Broken left arm
September 6, 2006 8:56 AM   Subscribe

I broke my left arm going over the handlebars of my bicycle after an encounter with a speed hump this weekend. Luckily I'm right-handed, and although advice from here helps (especially the shoelace tying one), are there any other tips with coping?

I never realised that blowing your nose was so much easier with two hands (I'm going straight into the sink, one-finger on each nostril now). [sorry if that's a bit off, but it's heaps easier than a tissue one-handed]. Any advantage tips are much appreciated too. I plan to carve a pool cue groove in the plaster for deadly shooting at the next meetup.
posted by tellurian to Health & Fitness (12 answers total) 1 user marked this as a favorite
 
FOOSH, or Fall On OutStretched Hands, as I discovered when I fell out of an apricot tree, often results in two broken arms. Consider yourself fortunate that you can wipe your own ass.
posted by weapons-grade pandemonium at 9:10 AM on September 6, 2006


I actually broke both wrists a while back in a similar accident (jet ski), so I can sympathize. The first tip that comes to mind is to reiterate what has already been said: learn to bring your arms in when you fall or bump into things. This is probably second nature to those of you who do martial arts, but I had never realized how much more sense it makes to allow your torso to absorb impacts...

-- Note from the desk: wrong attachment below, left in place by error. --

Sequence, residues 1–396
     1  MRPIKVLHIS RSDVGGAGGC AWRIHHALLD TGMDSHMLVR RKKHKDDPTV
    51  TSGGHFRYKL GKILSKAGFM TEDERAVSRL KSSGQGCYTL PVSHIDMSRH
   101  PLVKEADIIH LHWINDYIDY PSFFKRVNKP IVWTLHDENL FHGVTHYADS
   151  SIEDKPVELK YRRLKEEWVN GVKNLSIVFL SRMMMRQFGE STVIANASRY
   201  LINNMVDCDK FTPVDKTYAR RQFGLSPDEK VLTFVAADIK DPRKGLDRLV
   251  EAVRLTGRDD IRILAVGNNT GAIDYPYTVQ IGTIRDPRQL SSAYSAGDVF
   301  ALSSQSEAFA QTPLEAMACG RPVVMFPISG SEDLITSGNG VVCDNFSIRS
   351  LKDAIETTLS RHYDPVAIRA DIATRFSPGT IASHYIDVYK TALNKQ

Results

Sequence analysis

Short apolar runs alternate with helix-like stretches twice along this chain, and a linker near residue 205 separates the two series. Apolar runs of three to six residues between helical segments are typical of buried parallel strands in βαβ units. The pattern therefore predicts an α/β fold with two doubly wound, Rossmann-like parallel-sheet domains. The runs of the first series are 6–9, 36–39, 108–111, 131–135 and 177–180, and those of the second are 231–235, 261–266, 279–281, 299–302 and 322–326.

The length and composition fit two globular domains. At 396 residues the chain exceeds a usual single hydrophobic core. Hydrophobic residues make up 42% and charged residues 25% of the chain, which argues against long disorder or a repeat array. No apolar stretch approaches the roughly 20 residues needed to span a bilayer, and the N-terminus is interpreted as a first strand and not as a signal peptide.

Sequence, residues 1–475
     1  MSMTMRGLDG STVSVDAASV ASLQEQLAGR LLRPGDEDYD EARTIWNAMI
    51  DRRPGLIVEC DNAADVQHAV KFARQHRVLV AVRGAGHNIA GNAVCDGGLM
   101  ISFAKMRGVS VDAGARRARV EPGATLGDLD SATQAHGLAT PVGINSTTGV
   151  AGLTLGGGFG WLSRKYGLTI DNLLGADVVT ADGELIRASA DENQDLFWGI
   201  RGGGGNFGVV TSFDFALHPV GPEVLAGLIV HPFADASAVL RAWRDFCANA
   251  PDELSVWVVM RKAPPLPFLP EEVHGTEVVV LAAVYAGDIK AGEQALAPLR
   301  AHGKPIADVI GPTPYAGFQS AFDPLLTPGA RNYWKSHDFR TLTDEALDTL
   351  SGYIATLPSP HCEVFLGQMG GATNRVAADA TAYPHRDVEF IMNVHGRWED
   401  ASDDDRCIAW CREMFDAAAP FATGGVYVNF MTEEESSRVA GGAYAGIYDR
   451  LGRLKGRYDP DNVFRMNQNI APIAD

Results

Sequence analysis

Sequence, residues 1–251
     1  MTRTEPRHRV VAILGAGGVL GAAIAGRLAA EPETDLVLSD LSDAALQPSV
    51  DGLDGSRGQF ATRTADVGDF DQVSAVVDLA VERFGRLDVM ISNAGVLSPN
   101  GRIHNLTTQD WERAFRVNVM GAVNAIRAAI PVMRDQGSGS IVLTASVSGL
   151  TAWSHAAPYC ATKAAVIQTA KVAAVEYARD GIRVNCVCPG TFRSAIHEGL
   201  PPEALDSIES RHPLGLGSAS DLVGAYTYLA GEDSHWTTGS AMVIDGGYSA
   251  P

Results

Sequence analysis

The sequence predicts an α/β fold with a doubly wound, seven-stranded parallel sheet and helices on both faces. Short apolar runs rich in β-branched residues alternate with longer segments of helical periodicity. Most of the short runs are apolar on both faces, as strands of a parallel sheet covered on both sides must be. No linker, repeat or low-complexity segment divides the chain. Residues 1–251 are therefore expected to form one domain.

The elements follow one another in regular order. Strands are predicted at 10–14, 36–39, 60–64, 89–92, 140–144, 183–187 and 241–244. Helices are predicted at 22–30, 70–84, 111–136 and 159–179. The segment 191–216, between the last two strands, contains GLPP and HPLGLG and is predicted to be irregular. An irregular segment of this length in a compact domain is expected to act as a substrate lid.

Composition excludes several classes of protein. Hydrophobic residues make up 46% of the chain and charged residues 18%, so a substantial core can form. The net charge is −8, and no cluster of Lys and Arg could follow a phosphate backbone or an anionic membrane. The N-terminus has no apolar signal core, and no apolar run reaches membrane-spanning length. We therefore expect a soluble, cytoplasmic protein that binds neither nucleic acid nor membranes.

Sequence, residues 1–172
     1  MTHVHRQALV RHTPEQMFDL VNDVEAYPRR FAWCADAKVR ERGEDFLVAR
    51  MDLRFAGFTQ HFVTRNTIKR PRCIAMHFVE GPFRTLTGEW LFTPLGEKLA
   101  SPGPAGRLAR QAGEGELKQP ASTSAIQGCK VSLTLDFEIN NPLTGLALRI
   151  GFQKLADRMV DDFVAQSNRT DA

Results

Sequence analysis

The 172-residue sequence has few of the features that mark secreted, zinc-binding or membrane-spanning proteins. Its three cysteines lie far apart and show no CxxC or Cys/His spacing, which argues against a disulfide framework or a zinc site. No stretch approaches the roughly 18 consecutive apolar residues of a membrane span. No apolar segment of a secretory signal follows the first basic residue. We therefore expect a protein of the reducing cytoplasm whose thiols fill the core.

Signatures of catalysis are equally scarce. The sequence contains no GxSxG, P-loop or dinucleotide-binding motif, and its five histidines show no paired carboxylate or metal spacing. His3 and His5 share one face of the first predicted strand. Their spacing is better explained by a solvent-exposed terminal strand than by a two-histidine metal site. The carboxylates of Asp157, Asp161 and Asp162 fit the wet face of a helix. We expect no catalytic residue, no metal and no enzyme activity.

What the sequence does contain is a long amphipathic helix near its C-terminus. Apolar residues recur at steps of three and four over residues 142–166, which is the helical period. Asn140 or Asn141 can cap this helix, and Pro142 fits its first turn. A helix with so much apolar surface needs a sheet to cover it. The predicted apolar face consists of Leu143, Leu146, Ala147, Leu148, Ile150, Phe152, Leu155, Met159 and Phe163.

Also, I found that washing my hair was much easier in the tub where you can just submerge your whole head to rinse, etc...you also don't have to worry as much about getting your arm wet.

Depending on how long you'll be in the cast, I'd also suggest that you start having fun with your responses to "how'd you break your arm?". I got so tired of telling people the jetski story that I came up with lots of more interesting tales. Running with the bulls in Pamplona become one of my favorites. It sounds cheesy, but you'd be surprised how quickly you'll get tired of explaining it to everyone.
posted by richmondparker at 9:55 AM on September 6, 2006


i've had 4 broken arms (write your own i-have-4-arms joke) and most of what you really need to know is common sense: keep the cast dry; don't stick anything in there that might break the skin or get lost inside (and you will be sticking things in there -- i recommend cocktail stirrers); try to flex whatever muscles you can so you don't totally atrophy.

on a less practical level, try to find some way to enjoy your cast, since you'll be stuck with it for a while. i had my most recent cast illustrated by a co-worker, which was nice because it gave people something to ask about besides "what happened?"

be prepared to get that question a lot. it drives me crazy. i have fun making up improbable explanations to see what i can get away with -- skydiving accident, shark attack, etc. my favorite is "i got it asking nosy questions."
posted by sonofslim at 9:55 AM on September 6, 2006 [1 favorite]


Having nearly done this myself recently and currently taking care of Mr Gomichild who has a broken ankle, much sympathy to you.

Are you able to sleep OK? Both of us found this to be the biggest challenge - getting comfy in bed. Also that memory of me hitting the ground kept coming back when I was trying to relax. It's said sleep and rest is important to heal but it was difficult not to think of what happened and have all my nerves on edge when I did.